While Sunday’s 100 bps cut was the largest single move in rate cuts by the Federal Reserve since the Greenspan era, the Twitter account Whale Panda said “[I] never seriously thought that we could see hyperinflation in the US and Europe.” “After these last 2 weeks I’ve changed my mind on this,” he continued. “What’s interesting is when you saw this happen in countries like Venezuela they fled to USD. Where will people with USD flee to?” Ethereum proponent Ryan Sean Adams stressed that everything people in crypto have been saying over the last decade is coming to fruition. Adams remarked:
[The] Fed just cut interest rates to 0% — Full QE is on, $700b today — Next is fiscal stimulus, trillions [and] then negative interest, [where you] lose money in your savings account. Then super QE, Fed buying stocks — Everything the crypto people have been saying is coming true — Things are moving faster now.
In a note to investors on Monday morning, Coinshares Group’s head of research Chris Bendikesen noted that the “correlation between gold, bitcoin and equity markets has drastically increased.” “There is an old adage in the asset management industry which points out, that in a crisis, all correlations tend towards 1,” Bendikesen highlighted. “In a liquidity squeeze, a margin call cascade or a general flight to cash, everything is for sale, and everything liquid tends to get sold.” Bendikesen added:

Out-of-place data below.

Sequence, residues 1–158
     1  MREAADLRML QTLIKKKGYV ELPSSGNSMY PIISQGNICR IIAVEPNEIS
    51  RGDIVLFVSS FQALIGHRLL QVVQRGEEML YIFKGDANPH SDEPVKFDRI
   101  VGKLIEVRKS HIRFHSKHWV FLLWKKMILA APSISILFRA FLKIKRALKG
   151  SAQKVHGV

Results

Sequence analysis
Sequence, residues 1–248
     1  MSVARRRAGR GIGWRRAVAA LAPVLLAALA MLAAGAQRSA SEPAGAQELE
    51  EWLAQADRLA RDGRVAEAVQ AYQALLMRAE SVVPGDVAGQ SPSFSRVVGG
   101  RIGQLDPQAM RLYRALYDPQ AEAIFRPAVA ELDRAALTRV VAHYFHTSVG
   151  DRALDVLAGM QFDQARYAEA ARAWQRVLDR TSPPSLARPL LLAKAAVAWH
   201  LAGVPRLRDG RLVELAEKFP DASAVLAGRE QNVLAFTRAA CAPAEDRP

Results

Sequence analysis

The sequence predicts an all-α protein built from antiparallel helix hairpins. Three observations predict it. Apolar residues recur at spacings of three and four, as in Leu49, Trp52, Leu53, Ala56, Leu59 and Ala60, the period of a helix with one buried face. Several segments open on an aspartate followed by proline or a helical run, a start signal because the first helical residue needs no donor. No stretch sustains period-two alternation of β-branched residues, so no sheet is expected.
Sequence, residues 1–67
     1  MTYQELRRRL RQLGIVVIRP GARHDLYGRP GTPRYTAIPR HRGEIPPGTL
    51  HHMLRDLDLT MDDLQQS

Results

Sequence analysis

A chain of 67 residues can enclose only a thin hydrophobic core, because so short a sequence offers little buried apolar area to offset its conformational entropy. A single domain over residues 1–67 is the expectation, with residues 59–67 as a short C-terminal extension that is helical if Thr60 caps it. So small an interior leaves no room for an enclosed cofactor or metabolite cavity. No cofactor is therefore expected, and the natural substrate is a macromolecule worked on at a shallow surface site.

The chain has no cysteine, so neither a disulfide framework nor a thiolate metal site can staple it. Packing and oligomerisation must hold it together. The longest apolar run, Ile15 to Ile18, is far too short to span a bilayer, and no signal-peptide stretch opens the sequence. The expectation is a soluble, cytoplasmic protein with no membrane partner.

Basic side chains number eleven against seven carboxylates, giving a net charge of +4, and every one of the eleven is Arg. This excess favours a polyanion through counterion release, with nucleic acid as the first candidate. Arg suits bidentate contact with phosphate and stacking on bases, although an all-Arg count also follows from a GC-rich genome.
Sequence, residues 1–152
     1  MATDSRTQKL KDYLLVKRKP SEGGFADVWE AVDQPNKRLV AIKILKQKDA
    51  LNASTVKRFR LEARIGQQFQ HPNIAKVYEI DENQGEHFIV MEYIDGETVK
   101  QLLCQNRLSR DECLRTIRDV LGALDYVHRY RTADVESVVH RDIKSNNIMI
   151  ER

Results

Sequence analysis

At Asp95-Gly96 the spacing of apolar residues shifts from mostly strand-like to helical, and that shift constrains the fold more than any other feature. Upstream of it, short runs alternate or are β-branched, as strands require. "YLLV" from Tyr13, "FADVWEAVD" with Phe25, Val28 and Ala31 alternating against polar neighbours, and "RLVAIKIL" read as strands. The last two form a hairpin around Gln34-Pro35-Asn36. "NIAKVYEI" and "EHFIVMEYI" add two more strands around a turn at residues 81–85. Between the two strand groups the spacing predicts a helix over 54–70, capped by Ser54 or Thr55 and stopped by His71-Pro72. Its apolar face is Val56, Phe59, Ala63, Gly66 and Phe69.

While many in the bitcoin industry have been hailing bitcoin as a new safe-haven asset, at this point it seems clear that proponents of this status have probably gotten a bit ahead of themselves. To be clear, this does not mean that bitcoin is somehow forever barred from attaining such status, but it seems clear that this status has yet to be established.
Cryptoconomy Loses $21B Overnight, BTC Drops Below $5K
Despite the rate cut, cryptocurrencies haven’t seen a massive flight to safety toward censorship-resistant money and people are flocking straight to stablecoins and cash. After the rate cut was announced on Sunday, BTC prices jumped over 8%, touching $5,772 per coin at around 6 p.m. EST. However, BTC dropped sharply a few hours later below the $5K region and market prices are down over 12% today. While ‘Black Thursday’s’ market rout shaved more than $90 billion from the crypto market cap, during Sunday’s overnight into Monday it lost $21 billion.